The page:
Serious Communication Lesson: She helped me want to better explain my Squarespace Love

If you:

  • Are considering using Squarespace as your website hosting provider but haven't made a decision yet,
  • Have ever been frustrated with my ranting about this company when I haven't successfully explained why I love it so much,
  • Want to be proud of me for a little "A Ha moment" I had last night,
  • Have heard some rumbling on the interwebs over how Squarespace just rolled out this awesome new upgrade, "Version 5" which is lovingly referred to by its users as "V5" and you want to know what all the fuss is about,
  • Know a bit about Squarespace but last time you tried it, you wanted things they didn't yet offer, like templates that use horizontal navigation,
  • Have nothing better to do this Friday morning than read a blog entry by a seriously ADD Squarespace Evangelist who has, thus-far, merely used the service to help others who want clean, attractive, manageable, but not overly-fancy websites for their businesses - but who wants to learn how to really use it to build something seriously impressive...
...then you might find this post useful. Warning: the first part is mostly an illustration of how far I have to go before I can begin to think of myself as an effective communicator. But there's some value in anecdotal evidence, no?

Last night while on the phone with a very close friend who lives in another state, the topic of using Squarespace as a hosting provider came into the conversation. As it tends to do with me. Truthfully there was a good reason - friend was explaining how she's always thought it would be great to have her own blog and how she isn't really sure why she never took the time to start one. So she asked me about Squarespace and why it is I'm so gung ho about using this company for my own site, over any others. "What are some other services that are comparable?" she asked. Then me: "I can't. I don't know of anything that compares. I mean, for just a blog you'd probably want to use something like WordPress, which people really love a lot. Squarespace isn't free." I hadn't answered her question. Friend grew frustrated. "Well, okay, but still. Tell me: why do you love this service so much? There must be something. I mean, why is this better than my finding somebody on Elance.com and hiring them to build a site?"

The conversation broke down from there, but eventually we found our way to the same page again. Not having been here, you'll wonder why I didn't just start rattling off a basic list of all the reasons this service is so amazing to me. The simplest answer to that question includes information you didn't have before now:
  • that this particular friend's ADHD is more intense than my own, (woman can't even make it through reading a 3 paragraph post in my blog, even if it's about her!)
  • she has far less patience with geekery than I do - has no interest whatsoever in a technical set of answers,
  • we've known each other since middle school and I've had some experience with reading between the lines when she's trying to get at something. And while I wasn't sure what the right answer was, yet, in this conversation, I knew my usual and customary approach would not work.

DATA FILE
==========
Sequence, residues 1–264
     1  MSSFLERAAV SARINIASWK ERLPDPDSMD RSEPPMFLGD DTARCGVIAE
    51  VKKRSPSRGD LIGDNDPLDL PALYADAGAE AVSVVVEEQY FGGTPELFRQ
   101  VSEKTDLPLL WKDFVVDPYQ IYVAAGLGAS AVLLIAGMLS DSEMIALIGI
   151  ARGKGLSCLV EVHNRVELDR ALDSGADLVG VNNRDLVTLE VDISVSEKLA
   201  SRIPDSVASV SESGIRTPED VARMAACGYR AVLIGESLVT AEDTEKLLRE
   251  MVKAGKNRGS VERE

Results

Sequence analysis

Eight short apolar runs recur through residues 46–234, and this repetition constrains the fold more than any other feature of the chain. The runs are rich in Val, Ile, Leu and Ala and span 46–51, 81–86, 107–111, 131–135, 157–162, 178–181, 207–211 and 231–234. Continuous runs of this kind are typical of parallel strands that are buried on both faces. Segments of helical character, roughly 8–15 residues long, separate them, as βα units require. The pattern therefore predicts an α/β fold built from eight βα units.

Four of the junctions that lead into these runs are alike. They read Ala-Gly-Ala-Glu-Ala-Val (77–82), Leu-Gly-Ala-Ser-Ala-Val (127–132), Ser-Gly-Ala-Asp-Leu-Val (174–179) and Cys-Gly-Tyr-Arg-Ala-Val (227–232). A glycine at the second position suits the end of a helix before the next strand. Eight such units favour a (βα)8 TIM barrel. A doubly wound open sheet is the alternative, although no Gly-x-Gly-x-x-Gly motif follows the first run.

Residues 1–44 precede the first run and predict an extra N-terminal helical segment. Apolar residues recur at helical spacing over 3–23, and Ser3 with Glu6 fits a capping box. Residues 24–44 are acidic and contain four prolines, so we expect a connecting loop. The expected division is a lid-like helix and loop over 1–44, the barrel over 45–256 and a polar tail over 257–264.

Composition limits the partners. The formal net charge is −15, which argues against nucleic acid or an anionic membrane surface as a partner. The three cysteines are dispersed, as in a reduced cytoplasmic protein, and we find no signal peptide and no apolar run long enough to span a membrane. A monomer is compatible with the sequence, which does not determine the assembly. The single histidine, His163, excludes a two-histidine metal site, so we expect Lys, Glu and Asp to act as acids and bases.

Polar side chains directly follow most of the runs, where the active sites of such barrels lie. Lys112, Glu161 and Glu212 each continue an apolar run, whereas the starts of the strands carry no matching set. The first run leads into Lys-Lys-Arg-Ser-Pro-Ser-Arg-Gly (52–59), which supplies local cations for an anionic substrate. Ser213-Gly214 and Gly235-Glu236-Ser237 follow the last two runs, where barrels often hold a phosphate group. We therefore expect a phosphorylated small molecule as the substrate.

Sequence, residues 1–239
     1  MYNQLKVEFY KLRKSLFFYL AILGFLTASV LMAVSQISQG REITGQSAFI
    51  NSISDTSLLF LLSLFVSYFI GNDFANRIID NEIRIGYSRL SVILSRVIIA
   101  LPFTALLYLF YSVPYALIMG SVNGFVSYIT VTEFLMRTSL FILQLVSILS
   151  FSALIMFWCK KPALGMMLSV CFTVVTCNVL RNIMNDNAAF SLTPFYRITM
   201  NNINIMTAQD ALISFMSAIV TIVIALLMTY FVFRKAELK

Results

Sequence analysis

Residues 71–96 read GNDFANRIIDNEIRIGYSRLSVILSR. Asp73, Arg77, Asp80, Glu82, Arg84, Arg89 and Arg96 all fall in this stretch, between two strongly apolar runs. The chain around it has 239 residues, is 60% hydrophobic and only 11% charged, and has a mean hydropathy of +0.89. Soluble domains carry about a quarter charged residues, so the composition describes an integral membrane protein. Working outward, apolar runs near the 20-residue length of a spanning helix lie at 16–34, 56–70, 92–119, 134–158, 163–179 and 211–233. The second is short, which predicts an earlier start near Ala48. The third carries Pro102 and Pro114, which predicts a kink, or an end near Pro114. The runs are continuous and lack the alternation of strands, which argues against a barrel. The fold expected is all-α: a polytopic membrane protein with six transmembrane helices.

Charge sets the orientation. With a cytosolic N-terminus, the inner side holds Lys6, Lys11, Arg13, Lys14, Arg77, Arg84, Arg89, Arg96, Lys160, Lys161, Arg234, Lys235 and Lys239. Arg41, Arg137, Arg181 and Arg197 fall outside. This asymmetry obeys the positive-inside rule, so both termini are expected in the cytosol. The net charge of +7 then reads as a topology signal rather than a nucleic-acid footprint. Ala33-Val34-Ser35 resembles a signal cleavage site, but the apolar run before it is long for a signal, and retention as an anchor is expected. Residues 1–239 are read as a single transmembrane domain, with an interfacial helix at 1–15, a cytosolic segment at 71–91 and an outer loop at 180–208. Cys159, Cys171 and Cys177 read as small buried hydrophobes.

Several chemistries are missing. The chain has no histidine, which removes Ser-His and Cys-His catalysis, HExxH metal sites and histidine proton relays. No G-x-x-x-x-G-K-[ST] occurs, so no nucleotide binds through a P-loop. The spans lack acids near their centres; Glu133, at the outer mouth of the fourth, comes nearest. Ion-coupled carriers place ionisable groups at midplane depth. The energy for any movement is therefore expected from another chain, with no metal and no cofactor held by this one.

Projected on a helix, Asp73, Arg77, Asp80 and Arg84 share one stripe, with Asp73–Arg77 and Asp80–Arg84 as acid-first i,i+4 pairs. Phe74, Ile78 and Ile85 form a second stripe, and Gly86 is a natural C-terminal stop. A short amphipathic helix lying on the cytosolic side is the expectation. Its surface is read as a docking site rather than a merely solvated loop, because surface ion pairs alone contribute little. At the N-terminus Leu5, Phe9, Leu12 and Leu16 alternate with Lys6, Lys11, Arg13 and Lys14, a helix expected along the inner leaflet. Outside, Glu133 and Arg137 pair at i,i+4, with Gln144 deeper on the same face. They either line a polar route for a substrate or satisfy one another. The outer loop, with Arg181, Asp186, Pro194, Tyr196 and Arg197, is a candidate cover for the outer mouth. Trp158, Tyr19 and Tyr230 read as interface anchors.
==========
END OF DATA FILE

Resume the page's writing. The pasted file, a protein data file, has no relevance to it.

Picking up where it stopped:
When we finally started hearing each other better, I learned that she had some things in mind that she might want to have a website for, other than her future blog. She was even wondering about a professional project her husband might need a site for. But until that discovery, I was stuck on "blog" and knew that Squarespace is often not the route a person would want to take if all they needed was a basic blog, as friend had been telling me she wanted.

This talk last night was far more valuable to me than just one more example of how I need to work to become a better listener and ask better questions. That conversation pointed me to evidence that I need to be doing a better job articulating for myself, my customers, and my future customers, why I only build websites using this service. And I need to use my blog, too, as a better tool for communicating these messages. Many times I find myself sitting down, fresh from some new and exciting Squarespace-related discovery, and writing yet another "Yay Rah I Love This Company!" post. All those creative writing classes and, oh yea, That English Degree I Went And Got Myself? They hammered the assertion "Show, don't tell" into my head, class after class, year after year. But many times I still forget.

Commercials to "share the love" are fine. The ability to tell you why this company blows my mind, however, is vital for someone helping other people learn to use it to manage their own sites. And something I'm going to immediately start improving on. I'm not there yet. But stay tuned...you're gonna' hear more of this. I feel a series coming on. Heh.

Since this is so long? I'm gonna' send you to a little video my friend finally agreed to watch. (That, only after saying, "Why would I watch a video, Melody? I mean, would you watch a video about the importance of composting???" And when I answered that yes, if she thought it was important for me to see the video, I would, in fact watch her composting video, she agreed to watch it, too! I guess I'll keep my eyes peeled for that composting video.)

Visit their home page, and click on the little green arrow. Short and sweet. The overview will tell you far more than anything I could possibly say here. 'Cause they show and tell!